You want to call him a goon? Fine. We can debate the value of enforcers some other time. But to be so callous and caviler with language as to disparage the memory of a good man based on human frailty and faults is sub-human. I am offended as a writer, as a hockey fan, and as a human being, sir. Your depraved indifference to the family and friends of Derek Booagaard, and to his memory, is repulsive.
The title of the post translates to "Speak no ill of the dead." There are many reasons why when someone dies, the criticism should stop. The foremost reason is out of respect for those left behind. Why continue to drag them through this? You are entitled to an opinion, but you are also entitled to keep it to yourself. Respect. I learned it in first grade, maybe Mrs. Herrig should give you a call.
The other thing that strikes me is that sports writers have their own code. If they chastise a player, call them out, or in any way comment negatively about them, they do that player the honor of confronting them, face-to-face, and dealing with the issue. It is a very specific reason we do not speak ill of the dead. It is honor-less in that you cannot face Derek, and answer the bell for your words. It is a coward's errand to belittle the dead.
I have read columnists write about players for actions on and off the field. I have read words from columnists that make me angry, happy, sad, fill with pity and empty with tears. I have never, to this point, been so repulsed by the words of a columnist that it took five days to think about it without feeling the desire to retch from the surfeit of cravenness involved in not only your opinion, but the desire and need for you to express them in response to something so kind and warmhearted.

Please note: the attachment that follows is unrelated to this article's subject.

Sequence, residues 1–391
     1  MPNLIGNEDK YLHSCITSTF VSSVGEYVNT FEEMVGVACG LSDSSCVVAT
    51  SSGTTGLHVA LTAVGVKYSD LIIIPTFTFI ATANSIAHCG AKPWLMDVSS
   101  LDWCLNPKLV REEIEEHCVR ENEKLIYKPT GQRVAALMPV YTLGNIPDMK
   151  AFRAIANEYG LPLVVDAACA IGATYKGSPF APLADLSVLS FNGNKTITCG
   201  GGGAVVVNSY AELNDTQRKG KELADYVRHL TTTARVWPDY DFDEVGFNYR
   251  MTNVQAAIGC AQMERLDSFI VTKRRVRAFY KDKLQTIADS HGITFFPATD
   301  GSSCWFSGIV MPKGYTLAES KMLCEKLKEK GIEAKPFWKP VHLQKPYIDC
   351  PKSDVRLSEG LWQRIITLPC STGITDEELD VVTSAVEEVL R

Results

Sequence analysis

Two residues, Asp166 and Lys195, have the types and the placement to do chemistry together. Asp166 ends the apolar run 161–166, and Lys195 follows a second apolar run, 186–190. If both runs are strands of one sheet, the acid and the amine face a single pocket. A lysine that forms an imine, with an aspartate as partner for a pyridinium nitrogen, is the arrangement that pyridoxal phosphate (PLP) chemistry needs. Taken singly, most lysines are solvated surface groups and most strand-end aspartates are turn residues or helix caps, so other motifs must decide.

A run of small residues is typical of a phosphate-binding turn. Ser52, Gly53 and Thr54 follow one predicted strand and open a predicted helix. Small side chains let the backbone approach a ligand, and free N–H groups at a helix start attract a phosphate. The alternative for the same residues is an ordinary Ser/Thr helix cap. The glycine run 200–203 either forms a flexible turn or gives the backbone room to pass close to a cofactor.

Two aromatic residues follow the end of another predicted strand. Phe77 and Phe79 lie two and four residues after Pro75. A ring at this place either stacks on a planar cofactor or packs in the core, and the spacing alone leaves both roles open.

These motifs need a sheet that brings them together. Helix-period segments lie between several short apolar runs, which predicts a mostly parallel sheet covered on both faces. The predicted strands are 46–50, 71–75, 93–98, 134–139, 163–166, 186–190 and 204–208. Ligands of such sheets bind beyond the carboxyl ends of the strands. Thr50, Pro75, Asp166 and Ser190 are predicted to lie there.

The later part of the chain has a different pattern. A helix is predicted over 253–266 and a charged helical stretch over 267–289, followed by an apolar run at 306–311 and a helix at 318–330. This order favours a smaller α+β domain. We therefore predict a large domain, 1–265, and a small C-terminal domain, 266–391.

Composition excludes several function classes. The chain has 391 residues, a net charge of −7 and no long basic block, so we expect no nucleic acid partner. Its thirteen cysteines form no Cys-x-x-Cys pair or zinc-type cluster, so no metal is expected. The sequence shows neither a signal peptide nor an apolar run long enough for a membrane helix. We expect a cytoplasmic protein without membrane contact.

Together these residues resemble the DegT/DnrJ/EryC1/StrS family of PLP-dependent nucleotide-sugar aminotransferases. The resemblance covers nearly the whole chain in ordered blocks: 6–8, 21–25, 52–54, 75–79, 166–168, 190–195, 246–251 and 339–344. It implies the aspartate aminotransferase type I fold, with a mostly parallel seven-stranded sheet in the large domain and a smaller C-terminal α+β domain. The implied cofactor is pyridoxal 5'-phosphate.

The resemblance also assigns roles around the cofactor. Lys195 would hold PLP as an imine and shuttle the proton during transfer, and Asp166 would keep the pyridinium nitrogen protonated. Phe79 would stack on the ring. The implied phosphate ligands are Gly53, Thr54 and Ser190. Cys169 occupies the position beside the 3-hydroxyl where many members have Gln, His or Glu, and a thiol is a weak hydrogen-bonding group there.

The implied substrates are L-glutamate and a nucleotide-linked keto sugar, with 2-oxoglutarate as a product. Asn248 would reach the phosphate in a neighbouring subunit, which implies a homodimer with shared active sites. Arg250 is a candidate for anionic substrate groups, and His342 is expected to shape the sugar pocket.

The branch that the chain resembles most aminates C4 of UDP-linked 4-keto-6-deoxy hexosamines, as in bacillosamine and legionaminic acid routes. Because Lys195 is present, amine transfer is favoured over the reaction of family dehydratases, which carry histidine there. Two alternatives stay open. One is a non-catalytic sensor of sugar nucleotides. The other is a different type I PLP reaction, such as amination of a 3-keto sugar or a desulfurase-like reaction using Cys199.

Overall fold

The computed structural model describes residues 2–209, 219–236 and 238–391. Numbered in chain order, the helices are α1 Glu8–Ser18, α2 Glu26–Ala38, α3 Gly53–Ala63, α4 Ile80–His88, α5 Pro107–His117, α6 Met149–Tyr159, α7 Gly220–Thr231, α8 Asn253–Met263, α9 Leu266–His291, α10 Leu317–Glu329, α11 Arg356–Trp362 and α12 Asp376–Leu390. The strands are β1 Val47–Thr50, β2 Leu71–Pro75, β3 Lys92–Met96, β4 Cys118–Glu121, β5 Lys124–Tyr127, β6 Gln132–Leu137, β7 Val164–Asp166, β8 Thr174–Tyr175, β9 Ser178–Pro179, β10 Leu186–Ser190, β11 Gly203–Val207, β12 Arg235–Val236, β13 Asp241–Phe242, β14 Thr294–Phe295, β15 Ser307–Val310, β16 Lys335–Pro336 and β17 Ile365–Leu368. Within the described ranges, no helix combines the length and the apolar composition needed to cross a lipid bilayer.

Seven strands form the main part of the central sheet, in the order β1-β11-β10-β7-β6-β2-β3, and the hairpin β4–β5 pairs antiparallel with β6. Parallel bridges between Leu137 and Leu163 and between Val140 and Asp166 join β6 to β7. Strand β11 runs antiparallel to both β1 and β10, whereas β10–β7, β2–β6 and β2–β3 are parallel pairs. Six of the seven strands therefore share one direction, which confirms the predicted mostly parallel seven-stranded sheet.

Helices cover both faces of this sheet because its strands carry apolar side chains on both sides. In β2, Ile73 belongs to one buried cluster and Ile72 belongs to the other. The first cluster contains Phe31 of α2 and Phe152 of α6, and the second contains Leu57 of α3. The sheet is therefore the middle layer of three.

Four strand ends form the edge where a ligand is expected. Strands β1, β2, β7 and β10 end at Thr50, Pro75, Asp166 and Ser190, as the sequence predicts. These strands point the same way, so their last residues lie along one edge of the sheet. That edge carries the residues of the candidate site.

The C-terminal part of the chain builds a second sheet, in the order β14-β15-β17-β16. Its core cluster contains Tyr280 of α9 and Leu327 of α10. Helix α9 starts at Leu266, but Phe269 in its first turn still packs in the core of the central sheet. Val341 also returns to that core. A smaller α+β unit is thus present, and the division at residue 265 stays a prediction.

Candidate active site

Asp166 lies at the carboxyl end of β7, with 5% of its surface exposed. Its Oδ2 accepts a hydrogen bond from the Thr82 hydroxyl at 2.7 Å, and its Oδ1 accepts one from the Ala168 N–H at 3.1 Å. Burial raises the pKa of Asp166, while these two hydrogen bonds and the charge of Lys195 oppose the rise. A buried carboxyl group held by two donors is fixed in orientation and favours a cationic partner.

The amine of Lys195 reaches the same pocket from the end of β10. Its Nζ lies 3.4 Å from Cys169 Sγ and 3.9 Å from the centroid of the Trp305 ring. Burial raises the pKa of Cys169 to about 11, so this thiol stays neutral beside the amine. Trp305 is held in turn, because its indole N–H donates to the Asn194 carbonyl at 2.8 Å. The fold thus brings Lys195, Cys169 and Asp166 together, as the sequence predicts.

You, Mr. Hickey, have built a career out of being the man people love to hate. You have accomplished your goal, and made what I can only imagine is a comfortable living doing so. After reading your thoughts on this matter, the hate in my body for you is gone. The feelings of anger and hatred are instead replaced with those of pity and sadness, for yours is a truly bitter existence. To think anyone would crouch to such levels to garner a reaction is mind numbing and truly makes me wish you could find a source of happiness other than belying the respect due to a mourning family and the memory of a man you clearly never got to know.
I hope Dante saved a special ring just for you, and that one day, you are called to answer the bell for your actions, with the Boogeyman waiting on the ice to test your ability to stand on your skates while cowering in fear. You are, without a doubt, one of the most abominable people I have ever had the displeasure of having to find a place for in my world.
I loathe the day I read your comment, and hope beyond hope that one day senility takes the memory of you from me. I will thank you for just one thing. Thank you for reminding me, one more time, of just how good a man Derek really was, human frailties and all.